When designing the new №7 and №9 we wanted to achieve two things; to give people choice and to make all the sizes of frame ride the same.
We started with the seat tube. Since dropper posts have been virtually universally accepted, we no longer need a long seat tube to achieve a high saddle height for a tall rider. Instead, we can use a longer seatpost with a larger amount of drop, meaning the seat tube doesn’t have to get longer as the frame gets bigger. So we’ve only used two seat tube sizes across the size range, allowing riders to choose the size of frame based on how the frame will fit them for the type of riding they do rather than being limited by the length of dropper post they’d like to use.
This means the traditional way of sizing a frame from the seat tube length is pretty useless as we’d have multiple sizes called the same thing. So why not just do what everyone else does and call them small, medium, large, extra large? We’re back to choice again; because we want to give you the option to build the bike you need, not what we tell you you need. We realise that some people want to use a really short stem, but also that a lot of people don’t. Our sizing gives you the choice of two frames that fit the same, but with different length stems, whilst still giving you options on what length of seatpost to use. Let’s look at an example:
Our framebuilder, Matt, is 185cm tall with a saddle height of 700mm. He’d usually ride a ‘large’ frame, but in some brands it might be an ‘extra-large’. Let’s say Matt wants a new frame, and he’d like to use a 50mm stem as he thinks these new short stems and really long bike are a bit of a fad. So which of our frames should he buy? The sizing chart suggest that in this situation Matt could use a 500mm frame, with a 170mm drop seatpost and everything will work out fine.
Now let’s say Matt wants to go long and run a really short stem (such as the new Pacenti P-Dent). Now the chart recommends a 525mm frame, and because the seat tube is the same length, he’s still fine with a 170mm drop seatpost.
If Matt was shorter with an inside leg measurement around 780mm we’d get a slightly different result. The 475mm frame uses a slightly shorter seat tube so that gives the choice of 150 or 170mm drop while using a 50mm stem. But going up to the 500mm frame (and a 25mm stem) means sticking to a 150mm drop seatpost. Having said all of that, if you want to go somewhere in between there are lots more options with 35, 40 or 45mm stems but hopefully this gives you an idea of where to start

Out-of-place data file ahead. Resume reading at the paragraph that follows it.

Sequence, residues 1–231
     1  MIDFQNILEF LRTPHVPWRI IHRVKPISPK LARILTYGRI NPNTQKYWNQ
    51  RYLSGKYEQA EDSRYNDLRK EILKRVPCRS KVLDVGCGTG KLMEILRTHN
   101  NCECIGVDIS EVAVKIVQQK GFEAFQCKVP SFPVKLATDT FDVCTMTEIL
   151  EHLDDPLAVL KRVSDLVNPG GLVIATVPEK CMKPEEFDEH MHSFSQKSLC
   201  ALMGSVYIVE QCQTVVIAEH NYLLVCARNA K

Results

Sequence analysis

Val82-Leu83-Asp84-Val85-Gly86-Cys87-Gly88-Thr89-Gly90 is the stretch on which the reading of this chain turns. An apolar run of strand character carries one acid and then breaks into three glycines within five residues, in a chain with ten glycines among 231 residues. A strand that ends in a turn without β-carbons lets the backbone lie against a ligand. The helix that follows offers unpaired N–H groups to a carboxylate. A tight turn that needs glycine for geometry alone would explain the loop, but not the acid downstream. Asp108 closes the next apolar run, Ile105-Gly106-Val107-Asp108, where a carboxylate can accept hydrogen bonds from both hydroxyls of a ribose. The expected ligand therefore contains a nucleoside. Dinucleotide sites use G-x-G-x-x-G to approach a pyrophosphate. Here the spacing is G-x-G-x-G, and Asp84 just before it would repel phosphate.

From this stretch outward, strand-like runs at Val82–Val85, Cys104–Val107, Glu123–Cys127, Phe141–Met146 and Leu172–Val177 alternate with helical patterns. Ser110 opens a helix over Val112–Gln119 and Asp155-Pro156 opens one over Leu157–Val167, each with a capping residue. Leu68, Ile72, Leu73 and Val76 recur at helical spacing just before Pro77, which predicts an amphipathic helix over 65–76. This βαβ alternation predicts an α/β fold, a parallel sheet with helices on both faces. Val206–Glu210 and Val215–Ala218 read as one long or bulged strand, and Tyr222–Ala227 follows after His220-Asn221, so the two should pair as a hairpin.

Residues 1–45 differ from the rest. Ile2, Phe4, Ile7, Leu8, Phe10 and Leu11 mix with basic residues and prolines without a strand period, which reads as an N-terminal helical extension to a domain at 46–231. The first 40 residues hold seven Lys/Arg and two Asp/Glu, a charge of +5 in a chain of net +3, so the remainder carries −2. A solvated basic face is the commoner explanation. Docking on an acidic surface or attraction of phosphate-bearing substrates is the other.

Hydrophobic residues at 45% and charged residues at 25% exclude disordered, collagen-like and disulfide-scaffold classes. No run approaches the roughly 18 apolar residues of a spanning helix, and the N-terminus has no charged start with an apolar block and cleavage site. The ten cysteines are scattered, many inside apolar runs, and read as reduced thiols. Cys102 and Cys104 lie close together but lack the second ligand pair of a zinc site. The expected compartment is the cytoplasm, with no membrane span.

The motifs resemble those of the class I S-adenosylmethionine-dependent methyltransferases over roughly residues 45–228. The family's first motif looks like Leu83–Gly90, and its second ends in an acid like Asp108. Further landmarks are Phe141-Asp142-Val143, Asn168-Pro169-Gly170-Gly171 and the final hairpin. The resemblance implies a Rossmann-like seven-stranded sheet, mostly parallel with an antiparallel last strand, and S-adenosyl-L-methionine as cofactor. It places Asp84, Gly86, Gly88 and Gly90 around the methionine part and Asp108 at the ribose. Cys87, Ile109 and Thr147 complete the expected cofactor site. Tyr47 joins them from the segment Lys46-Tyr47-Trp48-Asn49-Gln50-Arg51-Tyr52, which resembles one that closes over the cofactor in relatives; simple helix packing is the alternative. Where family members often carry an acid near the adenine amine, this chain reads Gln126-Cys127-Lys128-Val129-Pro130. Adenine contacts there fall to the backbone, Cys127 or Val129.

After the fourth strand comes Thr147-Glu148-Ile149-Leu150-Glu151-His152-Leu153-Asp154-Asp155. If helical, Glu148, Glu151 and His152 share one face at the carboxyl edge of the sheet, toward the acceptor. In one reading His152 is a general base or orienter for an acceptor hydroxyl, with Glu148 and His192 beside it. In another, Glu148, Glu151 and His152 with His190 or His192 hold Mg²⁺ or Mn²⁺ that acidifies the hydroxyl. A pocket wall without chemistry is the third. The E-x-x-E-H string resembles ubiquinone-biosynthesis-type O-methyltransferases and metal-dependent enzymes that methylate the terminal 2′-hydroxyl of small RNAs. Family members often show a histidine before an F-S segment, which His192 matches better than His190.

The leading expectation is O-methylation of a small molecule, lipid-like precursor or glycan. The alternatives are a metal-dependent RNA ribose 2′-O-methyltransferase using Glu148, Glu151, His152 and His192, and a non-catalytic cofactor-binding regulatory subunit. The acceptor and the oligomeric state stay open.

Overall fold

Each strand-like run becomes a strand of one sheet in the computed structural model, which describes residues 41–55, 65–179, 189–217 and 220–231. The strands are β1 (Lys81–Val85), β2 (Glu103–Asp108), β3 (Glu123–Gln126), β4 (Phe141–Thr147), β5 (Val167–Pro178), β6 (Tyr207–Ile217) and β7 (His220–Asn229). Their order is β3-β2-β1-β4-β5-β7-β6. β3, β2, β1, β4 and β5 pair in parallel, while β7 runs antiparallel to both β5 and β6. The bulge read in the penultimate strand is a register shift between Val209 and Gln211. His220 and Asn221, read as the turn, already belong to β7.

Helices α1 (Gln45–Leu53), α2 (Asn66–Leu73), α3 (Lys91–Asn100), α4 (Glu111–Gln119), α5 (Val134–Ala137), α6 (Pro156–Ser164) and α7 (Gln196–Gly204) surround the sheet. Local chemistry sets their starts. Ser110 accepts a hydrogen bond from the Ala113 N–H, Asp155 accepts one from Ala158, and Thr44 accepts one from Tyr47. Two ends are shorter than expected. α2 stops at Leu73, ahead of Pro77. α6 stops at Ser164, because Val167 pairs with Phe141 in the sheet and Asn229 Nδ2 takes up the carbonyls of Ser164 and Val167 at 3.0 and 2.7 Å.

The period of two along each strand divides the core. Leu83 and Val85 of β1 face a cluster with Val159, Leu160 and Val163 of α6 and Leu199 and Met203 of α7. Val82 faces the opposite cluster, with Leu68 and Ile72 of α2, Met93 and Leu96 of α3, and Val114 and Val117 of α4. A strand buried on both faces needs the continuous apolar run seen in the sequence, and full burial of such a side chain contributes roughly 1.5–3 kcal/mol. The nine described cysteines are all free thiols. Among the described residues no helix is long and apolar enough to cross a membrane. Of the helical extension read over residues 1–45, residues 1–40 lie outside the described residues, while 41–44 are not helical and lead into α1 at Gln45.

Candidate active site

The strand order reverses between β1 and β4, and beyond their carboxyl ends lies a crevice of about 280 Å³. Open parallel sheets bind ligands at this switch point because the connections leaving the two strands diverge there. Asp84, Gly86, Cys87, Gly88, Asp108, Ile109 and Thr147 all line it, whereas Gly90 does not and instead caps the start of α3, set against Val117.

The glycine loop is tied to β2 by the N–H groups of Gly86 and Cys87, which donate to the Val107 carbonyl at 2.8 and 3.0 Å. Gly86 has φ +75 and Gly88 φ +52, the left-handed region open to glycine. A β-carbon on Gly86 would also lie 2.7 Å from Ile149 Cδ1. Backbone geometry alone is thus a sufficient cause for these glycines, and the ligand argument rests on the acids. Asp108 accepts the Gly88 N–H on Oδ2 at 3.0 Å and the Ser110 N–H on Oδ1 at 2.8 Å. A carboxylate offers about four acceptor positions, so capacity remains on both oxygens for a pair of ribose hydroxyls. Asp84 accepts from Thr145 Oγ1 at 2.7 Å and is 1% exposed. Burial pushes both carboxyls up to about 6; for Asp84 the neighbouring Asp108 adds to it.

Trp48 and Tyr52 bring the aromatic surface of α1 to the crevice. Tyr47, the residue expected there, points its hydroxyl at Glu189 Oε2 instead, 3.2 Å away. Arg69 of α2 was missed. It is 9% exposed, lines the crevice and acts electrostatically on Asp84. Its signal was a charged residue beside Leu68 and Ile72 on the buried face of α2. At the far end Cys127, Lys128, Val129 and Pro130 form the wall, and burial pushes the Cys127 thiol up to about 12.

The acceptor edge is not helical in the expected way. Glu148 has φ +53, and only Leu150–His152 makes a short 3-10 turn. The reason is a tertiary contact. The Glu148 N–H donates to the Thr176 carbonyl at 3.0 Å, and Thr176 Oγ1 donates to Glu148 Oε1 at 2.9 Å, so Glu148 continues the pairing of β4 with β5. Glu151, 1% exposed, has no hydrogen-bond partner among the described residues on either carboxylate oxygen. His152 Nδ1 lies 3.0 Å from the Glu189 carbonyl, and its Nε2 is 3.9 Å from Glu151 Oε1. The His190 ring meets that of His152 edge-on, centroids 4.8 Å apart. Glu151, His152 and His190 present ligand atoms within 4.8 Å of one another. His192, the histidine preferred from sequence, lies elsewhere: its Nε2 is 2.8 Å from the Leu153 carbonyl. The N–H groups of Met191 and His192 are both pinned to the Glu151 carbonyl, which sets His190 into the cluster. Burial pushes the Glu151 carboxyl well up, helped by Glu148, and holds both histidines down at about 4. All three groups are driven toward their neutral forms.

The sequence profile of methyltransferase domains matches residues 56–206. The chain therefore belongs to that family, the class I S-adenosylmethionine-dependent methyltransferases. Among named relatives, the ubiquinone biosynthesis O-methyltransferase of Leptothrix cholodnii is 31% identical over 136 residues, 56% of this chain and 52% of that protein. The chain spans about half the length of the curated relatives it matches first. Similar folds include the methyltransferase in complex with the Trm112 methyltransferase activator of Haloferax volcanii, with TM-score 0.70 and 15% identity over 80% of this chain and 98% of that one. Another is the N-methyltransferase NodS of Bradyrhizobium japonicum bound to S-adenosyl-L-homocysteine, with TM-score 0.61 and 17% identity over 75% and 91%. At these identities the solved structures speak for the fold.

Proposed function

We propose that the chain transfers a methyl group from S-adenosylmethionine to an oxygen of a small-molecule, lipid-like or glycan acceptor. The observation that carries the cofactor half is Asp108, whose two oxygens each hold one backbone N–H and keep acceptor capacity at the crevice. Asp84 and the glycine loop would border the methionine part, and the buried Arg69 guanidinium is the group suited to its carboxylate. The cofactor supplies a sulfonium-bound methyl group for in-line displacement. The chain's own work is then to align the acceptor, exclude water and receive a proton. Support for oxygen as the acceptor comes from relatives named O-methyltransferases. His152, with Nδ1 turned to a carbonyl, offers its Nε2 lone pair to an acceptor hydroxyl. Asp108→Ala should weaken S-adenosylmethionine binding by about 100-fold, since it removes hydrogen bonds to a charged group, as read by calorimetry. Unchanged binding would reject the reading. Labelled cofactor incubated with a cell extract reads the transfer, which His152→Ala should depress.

So how do make all the sizes ride the same? Proportional chainstay length. Most manufacturers pick a chainstay length for the entire size range, then they build a few prototypes in the middle sizes and give them a whirl and bingo, everything is great. Except that the small sizes have proportionally longer stays and the large sizes proportionally shorter stays. We’ve used our experience to pick a front:rear centre ratio that will give us the weight distribution we want and we’ve applied it to all sizes. This means that the small frames have shorter stays and the really big frames get longer stays.
This also helps with our example above; if Matt wants a long bike with a short stem, by going up to the 525mm frame he also gains a little bit of chainstay length and therefor wheelbase. Extra stability at speed at a slight sacrifice to the low speed maneuverability; you decide what you want the frame to do, not us
Hopefully this has made it clearer, but if it hasn’t just get in touch and we can discuss what will work for you